In July 1918, following his declaration of martial law in Ashgabat, Commissar V. Frolov, head of the Tashkent Cheka, came to Kyzyl-Arvat to impose the authority of the Tashkent Soviet. However the railway workers had heard of his execution of strike leaders in Ashgabat and organised an armed response. He was shot with some of his followers and the rest were disarmed. This action opened the way to the formation of the Transcaspian Government.[8]

On 25 June 1957, the Soviet 58th Motor Rifle Division was established in Kyzyl-Arvat, from the 58th Rifle Division which had arrived years earlier.[9]

After independence (1991)

During the reign of President Gurbanguly Berdimuhamedov (r. 2007–), the city has expanded to the north-west: a house of culture, a carpet factory, a secondary school, a kindergarten, an art school, a shopping center, a sports complex with a stadium, a swimming pool and playgrounds for various sports have been erected. In addition, the infrastructure of the city was updated. In particular, a new railway and bus station, a flyover bridge and a collector for absorbing mudflows, sewage treatment plants, and a number of other engineering facilities were built here.[citation needed]

Private construction of the northern outskirts of the city is planned. Urban road infrastructure has been upgraded in recent years.[citation needed]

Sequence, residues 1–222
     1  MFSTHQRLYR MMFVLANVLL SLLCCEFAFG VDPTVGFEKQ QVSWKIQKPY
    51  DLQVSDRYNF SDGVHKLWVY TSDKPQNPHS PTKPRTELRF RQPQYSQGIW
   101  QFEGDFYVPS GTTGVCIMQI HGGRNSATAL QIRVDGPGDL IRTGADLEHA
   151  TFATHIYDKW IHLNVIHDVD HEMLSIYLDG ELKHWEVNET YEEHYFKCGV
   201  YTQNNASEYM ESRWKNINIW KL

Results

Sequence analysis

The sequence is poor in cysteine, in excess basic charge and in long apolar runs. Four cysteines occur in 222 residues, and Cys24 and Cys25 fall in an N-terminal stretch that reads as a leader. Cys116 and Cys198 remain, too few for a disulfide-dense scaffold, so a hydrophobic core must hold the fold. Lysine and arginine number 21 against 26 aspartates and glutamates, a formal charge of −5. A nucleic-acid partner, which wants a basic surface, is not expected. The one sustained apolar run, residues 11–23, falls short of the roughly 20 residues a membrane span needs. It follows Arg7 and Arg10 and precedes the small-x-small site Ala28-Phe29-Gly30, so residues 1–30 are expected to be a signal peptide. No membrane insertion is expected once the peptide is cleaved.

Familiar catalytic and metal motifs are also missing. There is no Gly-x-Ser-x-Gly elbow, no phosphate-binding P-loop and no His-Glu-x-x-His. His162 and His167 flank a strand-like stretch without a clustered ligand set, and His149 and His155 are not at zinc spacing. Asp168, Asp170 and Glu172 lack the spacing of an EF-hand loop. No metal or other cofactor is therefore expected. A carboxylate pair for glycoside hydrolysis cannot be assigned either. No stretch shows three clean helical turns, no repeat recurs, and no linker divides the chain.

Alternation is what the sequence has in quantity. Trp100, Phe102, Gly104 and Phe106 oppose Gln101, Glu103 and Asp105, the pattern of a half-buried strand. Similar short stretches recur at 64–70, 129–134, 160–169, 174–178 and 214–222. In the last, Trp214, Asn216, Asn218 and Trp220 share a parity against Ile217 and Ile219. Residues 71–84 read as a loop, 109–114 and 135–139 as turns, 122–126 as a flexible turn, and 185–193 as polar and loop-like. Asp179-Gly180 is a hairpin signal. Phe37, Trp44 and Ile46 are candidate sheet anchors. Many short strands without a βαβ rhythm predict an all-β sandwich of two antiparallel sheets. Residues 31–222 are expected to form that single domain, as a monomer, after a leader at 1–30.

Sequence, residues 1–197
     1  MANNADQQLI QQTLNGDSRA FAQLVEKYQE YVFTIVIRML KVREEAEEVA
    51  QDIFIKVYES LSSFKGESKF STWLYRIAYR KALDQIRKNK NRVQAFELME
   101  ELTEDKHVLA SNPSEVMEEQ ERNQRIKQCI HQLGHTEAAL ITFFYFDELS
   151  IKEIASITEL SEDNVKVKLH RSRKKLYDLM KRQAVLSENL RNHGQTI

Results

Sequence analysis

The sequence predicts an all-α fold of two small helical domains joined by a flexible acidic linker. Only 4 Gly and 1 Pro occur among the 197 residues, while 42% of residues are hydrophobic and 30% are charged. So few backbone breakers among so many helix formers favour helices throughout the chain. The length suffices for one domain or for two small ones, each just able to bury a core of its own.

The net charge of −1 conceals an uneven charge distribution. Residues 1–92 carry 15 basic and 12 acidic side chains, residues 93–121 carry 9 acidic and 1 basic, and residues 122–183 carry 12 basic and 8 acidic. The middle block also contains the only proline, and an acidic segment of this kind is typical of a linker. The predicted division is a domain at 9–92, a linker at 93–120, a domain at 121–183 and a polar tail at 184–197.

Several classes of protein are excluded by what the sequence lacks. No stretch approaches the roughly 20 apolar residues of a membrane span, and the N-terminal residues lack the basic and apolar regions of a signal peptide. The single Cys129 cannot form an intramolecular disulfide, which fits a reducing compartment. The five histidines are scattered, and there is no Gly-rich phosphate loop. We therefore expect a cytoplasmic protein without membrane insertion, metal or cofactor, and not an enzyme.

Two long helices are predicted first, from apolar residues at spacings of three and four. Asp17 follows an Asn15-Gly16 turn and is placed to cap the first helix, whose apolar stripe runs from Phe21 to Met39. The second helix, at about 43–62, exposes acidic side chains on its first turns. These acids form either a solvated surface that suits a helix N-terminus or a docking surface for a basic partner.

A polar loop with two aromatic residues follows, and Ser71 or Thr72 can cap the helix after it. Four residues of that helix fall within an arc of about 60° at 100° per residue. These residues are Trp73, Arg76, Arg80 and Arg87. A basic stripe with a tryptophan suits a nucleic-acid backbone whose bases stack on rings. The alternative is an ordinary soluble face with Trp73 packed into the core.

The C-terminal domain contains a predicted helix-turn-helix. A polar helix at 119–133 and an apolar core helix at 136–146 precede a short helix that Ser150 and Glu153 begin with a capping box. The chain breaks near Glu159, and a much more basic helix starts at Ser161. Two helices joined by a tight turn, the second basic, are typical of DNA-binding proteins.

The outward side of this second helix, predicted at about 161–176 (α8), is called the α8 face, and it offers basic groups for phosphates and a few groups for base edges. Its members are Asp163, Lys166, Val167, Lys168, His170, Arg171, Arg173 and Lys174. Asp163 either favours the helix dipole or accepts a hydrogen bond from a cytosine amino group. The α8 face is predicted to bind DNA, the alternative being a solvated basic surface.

Population

Historical population
YearPop.±% p.a.
197022,000—    
198933,388+2.22%
199951,000+4.33%
202089,582+2.72%
Source: [10][11][12][1]

Transportation

Serdar station is on the Trans-Caspian railway. Construction began in 1879 of a narrow-gauge railway to Gyzylarbat in connection with the Russian conquest of Transcaspia under General Mikhail Skobelev.[citation needed]

Road transport includes two bus routes.[13] Small PAZ buses serve the local population.

Climate

Serdar has a cool desert climate (Köppen climate classification BWk), with cool winters and very hot summers. Rainfall is generally light and erratic, and occurs mainly in the winter and autumn months.

Climate data for Serdar
Month Jan Feb Mar Apr May Jun Jul Aug Sep Oct Nov Dec Year
Record high °C (°F) 26.4
(79.5)
28.1
(82.6)
36.6
(97.9)
39.7
(103.5)
45.7
(114.3)
46.8
(116.2)
47.3
(117.1)
46.2
(115.2)
44.6
(112.3)
38.5
(101.3)
31.9
(89.4)
29.0
(84.2)
47.3
(117.1)
Average high °C (°F) 5.6
(42.1)
8.5
(47.3)
14.7
(58.5)
23.0
(73.4)
30.3
(86.5)
35.6
(96.1)
38.2
(100.8)
36.9
(98.4)
31.5
(88.7)
22.9
(73.2)
14.0
(57.2)
7.4
(45.3)
22.4
(72.3)
Daily mean °C (°F) 0.6